By: Brett Skyllingstad
The Atomic Bomb Essay Albert Einstein predicted that mass could be converted into energy. This was the basis for the atomic bomb. Throughout this research paper, I will trace the history of the atomic bomb. In addition, who was involved and why, what happened in this event, and explain the impact that it had on the world. After Einstein predicted, that mass could be converted into energy.
This was confirmed experimentally by John D. Cockcroft and Ernest Walton. Physicists from 1939 onward conducted much research to find answers to questions as how many neutrons were emitted in each fission and which elements would not capture the neutrons but would moderate or reduce the velocity (Grolier Multimedia Encyclopedia The Atomic Bomb Mar.99 CD-ROM NP) and other questions of that nature. Frightened by the possibility that the Germans may produce an atomic bomb, physicists Leo Szilard, Eugene Wigner, and Edward Teller consulted Einstein to address a letter to Franklin Roosevelt. Motivated by the letter, in 1939 Roosevelt commanded an American effort to obtain atomic weaponry before the Germans.Order now
With an increasing threat from Germany, President Roosevelt needed to take an aggressive stance. He was in a position of nuclear threat. F.D.R needed to do something, and do something very fast. This is why the president called to order the Manhattan Project.
Nothing happened until Vannevar Bush, coordinator of scientific activities for the war, took charge. The program was called the Manhattan Project. It came under United States Army control in 1942. The Manhattan Project is a code name for the United States efforts to complete the separation of uranium-235 out of the uranium238. The development of these compounds resulted in the impact of nuclear energy in the 20th century. President Roosevelt would later spend 2 billion dollars on this project.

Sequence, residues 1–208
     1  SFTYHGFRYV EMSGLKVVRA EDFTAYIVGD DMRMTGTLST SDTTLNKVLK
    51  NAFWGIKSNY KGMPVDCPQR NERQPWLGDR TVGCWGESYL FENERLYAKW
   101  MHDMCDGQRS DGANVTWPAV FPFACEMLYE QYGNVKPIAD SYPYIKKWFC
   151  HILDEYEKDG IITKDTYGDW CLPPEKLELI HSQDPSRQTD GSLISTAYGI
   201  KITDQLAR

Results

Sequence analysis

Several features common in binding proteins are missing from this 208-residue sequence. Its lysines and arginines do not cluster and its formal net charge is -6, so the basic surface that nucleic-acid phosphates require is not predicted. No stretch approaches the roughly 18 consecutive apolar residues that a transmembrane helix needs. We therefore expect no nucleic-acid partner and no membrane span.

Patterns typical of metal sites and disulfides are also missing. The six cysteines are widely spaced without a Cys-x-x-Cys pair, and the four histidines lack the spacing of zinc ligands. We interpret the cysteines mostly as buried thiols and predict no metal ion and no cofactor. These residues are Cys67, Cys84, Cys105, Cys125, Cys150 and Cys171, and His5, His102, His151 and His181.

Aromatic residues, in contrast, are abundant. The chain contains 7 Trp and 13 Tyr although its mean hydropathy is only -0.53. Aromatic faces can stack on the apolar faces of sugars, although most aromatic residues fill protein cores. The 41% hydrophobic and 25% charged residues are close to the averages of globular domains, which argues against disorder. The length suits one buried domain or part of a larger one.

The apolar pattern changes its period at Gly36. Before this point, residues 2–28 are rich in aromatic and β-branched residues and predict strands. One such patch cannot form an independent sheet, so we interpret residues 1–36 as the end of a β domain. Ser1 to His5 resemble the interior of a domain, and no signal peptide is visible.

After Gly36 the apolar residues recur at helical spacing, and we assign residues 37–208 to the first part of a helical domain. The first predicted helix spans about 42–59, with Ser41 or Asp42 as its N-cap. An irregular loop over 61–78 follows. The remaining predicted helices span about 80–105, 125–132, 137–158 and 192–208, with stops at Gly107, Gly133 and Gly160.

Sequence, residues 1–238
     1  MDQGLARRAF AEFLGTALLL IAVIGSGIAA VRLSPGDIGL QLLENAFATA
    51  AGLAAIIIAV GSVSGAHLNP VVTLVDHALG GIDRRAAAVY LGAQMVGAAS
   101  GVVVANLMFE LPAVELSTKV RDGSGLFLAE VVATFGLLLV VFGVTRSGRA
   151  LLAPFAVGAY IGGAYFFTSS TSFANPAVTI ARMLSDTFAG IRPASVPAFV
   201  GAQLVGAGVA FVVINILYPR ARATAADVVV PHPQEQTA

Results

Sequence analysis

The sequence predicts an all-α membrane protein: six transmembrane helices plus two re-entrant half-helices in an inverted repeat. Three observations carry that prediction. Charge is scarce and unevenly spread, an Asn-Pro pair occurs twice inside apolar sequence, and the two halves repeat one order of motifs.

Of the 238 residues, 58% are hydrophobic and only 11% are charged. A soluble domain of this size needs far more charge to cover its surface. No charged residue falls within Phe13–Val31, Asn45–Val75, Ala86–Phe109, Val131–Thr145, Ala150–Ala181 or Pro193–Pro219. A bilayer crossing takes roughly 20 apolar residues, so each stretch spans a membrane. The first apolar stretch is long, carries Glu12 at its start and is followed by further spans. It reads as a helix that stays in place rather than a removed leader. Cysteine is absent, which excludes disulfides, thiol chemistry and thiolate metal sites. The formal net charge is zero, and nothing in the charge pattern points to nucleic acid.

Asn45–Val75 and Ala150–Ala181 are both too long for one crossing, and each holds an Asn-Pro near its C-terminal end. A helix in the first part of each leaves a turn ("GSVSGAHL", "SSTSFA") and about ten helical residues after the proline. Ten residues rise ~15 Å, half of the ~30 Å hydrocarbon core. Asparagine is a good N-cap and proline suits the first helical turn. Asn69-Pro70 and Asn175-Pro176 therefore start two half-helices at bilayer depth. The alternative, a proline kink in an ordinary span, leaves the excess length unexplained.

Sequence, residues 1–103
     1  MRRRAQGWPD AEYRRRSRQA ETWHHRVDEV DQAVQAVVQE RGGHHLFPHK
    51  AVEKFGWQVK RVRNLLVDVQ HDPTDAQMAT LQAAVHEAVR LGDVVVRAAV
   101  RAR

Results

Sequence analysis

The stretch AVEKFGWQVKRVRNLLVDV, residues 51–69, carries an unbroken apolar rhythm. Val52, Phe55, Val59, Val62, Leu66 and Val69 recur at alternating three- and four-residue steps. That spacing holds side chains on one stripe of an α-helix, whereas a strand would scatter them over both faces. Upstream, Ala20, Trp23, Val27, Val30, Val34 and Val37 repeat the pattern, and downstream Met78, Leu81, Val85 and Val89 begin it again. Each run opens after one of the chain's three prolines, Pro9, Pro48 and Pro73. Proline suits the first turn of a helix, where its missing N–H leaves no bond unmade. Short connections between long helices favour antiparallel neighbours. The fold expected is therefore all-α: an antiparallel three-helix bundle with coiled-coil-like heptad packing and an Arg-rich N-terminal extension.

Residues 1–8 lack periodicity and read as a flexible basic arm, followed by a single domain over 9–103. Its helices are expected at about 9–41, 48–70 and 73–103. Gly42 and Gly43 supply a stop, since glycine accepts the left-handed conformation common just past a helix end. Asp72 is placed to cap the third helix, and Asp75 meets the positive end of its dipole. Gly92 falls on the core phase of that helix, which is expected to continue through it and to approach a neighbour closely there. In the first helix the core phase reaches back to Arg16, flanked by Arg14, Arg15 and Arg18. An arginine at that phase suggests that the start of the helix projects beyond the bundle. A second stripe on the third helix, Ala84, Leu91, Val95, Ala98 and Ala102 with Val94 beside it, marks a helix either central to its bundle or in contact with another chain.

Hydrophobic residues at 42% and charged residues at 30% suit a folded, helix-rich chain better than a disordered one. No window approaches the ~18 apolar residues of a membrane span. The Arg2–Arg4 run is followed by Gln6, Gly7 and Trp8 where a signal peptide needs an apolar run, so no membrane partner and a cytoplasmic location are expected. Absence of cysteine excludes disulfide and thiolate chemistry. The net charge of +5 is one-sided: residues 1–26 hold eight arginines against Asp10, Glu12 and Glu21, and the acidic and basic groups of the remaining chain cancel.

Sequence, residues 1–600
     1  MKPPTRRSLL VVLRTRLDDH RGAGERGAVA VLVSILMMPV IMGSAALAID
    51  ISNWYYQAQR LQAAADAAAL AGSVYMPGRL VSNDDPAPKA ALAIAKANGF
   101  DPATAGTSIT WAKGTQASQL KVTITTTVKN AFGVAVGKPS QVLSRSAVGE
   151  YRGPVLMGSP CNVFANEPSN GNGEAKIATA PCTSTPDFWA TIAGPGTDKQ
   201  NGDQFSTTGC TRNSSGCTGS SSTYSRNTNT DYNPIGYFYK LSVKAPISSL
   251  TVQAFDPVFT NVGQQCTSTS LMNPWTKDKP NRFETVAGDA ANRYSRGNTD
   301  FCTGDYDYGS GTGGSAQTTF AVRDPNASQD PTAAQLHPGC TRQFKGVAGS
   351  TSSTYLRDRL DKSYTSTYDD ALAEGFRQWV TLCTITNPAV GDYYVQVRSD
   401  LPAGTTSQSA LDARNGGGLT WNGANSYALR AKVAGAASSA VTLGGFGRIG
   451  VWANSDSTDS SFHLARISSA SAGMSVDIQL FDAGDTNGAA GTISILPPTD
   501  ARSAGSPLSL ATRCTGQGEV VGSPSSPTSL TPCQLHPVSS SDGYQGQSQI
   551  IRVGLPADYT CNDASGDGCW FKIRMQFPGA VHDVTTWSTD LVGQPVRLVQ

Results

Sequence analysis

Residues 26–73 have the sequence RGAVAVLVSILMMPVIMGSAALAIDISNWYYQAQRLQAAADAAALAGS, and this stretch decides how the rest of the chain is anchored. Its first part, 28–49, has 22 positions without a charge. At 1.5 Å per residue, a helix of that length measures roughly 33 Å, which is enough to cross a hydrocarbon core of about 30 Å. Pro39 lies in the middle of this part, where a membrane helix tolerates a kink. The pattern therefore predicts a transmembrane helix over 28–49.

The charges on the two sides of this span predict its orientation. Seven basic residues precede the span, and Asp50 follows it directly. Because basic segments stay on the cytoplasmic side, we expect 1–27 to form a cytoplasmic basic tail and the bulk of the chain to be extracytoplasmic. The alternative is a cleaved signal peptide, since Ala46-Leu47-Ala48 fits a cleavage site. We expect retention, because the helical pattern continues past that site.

His goal was to ensure the safety of his nation and be a leader in the use of nuclear energy. The men who coordinated the Manhattan Project were an important part of this endeavor. The President gave the orders to United States Army Major General Leslie Groves to find different scholars to also make a nuclear bomb. In doing this, Major General Groves selected some of the best scholars in the field of physics and mathematics. They are as follows: J. Robert Oppenheimer, Richard Feyman, Enrico Fermi, Joseph C.
Carter, And Neils Bohr. J. Robert Oppenheimer was born on April 22, 1904. He thrived on studying and was not a very social type of person. He went to Harvard and completed a four-year chemistry degree in only three years. Robert also studied subatomic physics at Cambridge.
At Cambridge, he suffered a mental breakdown. At Gotigen, a German University he got his Ph.D. He then established a goal to bring new physics back to the United States. On November 1,1940 Major General Leslie asked Oppenheimer to lead, the Manhattan Project. Robert willingly took the job.
This was the beginning of a project that would change the future to come. Richard Feyman was born on May 11, 1918 in Queens, New York. He mastered differential and integral calculus at age 15. He was accepted into MIT in 1936 when he was 18 years old. He graduated, and went to Princeton as a graduate. He asked Groves if he could join the theoretical division in Los Alamos and was accepted.
He met a man by the name of Hans Bethe. He was somewhat like a mentor to Richard. They both worked on solving how much fissionable material it would take for the bomb to explode. Feyman won a Nobel Peace Prize for inventing the Feyman diagrams in 1965. He then died in 1988 after fighting cancer for many years. Enrico Fermi, was born on September 29,1901 in Rome Italy.
He was forced to a career in the sciences by the death of his brother, a scientist He got his Ph.D. at the University of Pisa, in Italy, in 1922. Enrico split a uranium atom at University of Michigan at a lecture. He was awarded a Nobel Peace Prize for his work. Fermi was the first to create a sustained nuclear fission chain reaction.
He did this at the University of Chicago .